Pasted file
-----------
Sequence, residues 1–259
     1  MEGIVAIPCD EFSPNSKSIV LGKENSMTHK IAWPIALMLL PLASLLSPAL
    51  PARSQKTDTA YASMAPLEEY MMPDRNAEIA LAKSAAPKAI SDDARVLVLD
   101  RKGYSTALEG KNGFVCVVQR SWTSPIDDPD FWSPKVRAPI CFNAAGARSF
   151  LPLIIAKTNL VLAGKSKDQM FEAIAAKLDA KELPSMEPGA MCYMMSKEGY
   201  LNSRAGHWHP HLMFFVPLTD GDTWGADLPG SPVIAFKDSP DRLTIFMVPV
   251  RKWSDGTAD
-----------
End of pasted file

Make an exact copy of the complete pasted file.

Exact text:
Sequence, residues 1–259
     1  MEGIVAIPCD EFSPNSKSIV LGKENSMTHK IAWPIALMLL PLASLLSPAL
    51  PARSQKTDTA YASMAPLEEY MMPDRNAEIA LAKSAAPKAI SDDARVLVLD
   101  RKGYSTALEG KNGFVCVVQR SWTSPIDDPD FWSPKVRAPI CFNAAGARSF
   151  LPLIIAKTNL VLAGKSKDQM FEAIAAKLDA KELPSMEPGA MCYMMSKEGY
   201  LNSRAGHWHP HLMFFVPLTD GDTWGADLPG SPVIAFKDSP DRLTIFMVPV
   251  RKWSDGTAD